Introduction to Pilates

PilatesYou may have noticed the increasing popularity of Pilates in your gyms and in popular media. In fact, one of the reasons behind Pilates popularity of late is that many Hollywood celebrities have embraced the exercise and hey…what’s good for the celebrities is good for us as well…isn’t it :-)

Pilates was created by Joseph Pilates around 1914. Joseph was living a very active life as both a boxer and a performer when the first World War began. During the war, Joseph was placed into an internment camp due to his German heritage. In the camp, he began to show his fellow bunkmates some techniques of exercise that he’d been working on for the past twenty years. His program incorporated both techniques that he had created, as well as drawing upon fitness regimens that were used in ancient Rome and Greece. It was believed that he also drew inspiration from wrestling, Yoga and Chinese Martial Arts.

As the exercise routine gained followers, Joseph worked hard to train new instructors to ensure that people were getting the proper benefits from the exercise.

Pilates is a system of over 500 different types of exercises that draw upon both the body and the mind. The exercises are designed to help make the body more flexible and strong and hence, many of the exercises are focused on building ‘the core’ of the body.

Pilates practitioners refer to ‘the core’ when they are speaking about the muscles of the abdomen, the back, and the pelvic region. Pilates incorporates the use of non-high-intensity routines so that one may feel even more energetic after performing the exercises. Practitioners tend to report a gain in strength as well as added flexibility and a better sense of balance.

Pilates can allow the individual to gain better posture and increased circulation of the joints through its many exercises. A participant can choose to practise Pilates exclusively or add on Pilates to their other fitness routine.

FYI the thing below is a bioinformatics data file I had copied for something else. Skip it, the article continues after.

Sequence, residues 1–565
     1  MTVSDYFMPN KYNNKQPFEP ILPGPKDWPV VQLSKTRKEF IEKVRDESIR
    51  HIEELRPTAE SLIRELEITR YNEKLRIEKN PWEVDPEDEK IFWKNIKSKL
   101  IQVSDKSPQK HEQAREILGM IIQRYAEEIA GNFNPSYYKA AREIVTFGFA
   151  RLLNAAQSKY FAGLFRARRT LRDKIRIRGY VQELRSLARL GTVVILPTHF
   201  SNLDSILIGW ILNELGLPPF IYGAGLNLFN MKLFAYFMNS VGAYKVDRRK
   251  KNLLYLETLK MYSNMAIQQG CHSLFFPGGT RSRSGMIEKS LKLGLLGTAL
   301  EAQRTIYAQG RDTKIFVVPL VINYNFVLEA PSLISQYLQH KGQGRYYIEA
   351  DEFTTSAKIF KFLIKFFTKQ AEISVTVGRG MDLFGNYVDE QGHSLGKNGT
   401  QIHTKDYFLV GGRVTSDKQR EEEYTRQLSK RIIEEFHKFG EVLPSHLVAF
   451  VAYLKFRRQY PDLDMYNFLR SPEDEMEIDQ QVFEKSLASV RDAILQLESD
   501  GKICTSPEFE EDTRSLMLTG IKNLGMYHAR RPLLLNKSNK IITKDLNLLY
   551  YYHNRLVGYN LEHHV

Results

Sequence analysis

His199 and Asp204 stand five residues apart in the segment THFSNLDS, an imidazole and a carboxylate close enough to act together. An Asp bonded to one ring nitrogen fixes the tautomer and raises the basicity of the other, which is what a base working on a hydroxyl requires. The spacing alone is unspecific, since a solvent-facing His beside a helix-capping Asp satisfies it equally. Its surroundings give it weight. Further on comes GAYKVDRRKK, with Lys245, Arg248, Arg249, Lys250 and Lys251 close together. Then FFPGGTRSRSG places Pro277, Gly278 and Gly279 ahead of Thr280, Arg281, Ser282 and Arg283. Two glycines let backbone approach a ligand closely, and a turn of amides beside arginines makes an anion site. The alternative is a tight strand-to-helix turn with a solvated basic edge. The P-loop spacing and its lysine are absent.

In addition to the positive effects Pilates has on the body, the mind can benefit as well. You’ll find yourself to be more aware of your body and Pilate can also prove to be an efficient method of stress relief.

The average pilates participant should practise between two and four times per week to achieve optimum result. If you’re interested in Pilates, you can do it either on your own through the use of books or videos to guide your practice or you can participate in group sessions in which you learn to enjoy pilates amongst others.

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Pilates and Yoga – What’s the difference?

Yoga poseAt an initial glance to a beginner, pilates and yoga seem to have a lot in common. They are both mind/body conditioning routines that rely on smooth, precise movements and measured breathing. In fact, the similarities between pilates and yoga work are not entirely coincidental. Joseph H. Pilates, the founder of the Pilates Method, studied yoga and martial arts extensively and sought to integrate the mind/body aspects of these practices into his new body conditioning exercises and routines. Hence, it is not surprising to find the influence of Yoga in Pilates. Now, if pilates and yoga have so much in common, what are the major differences between these two very similar mind/body conditioning routines?

Perhaps the most obvious difference between pilates and yoga is that yoga is an ancient mind/body practice that originated in India over 5,000 years ago while pilates is a relatively new phenomenon. Pilates was developed and popularized by Joseph H. Pilates and his wife Clara in the early to mid-twentieth century. Pilates created his famous method while working as a nurse during the First World War in Great Britain. He developed his series of exercises and routines to help rehabilitate injured and immobile soldiers. Pilates was inspired by the ancient asana (movements and postures) of yoga, and tried to incorporate this aspect of yoga into his own routine.

Another main difference between pilates and yoga is the underlying philosophy of each. Although they are both described as mind/body exercise routine formats, pilates is generally considered to be more of an exercise than lifestyle choice. Yoga is not meant to operate merely as a simple exercise and body conditioning routine but instead as an entire lifestyle philosophy. Pilates was first adopted as a physical conditioning routine by professional dancers and gymnasts. Like yoga, pilates also seeks to unite the mind, body, and spirit but does not delve into the meditation and relaxation aspects like yoga does.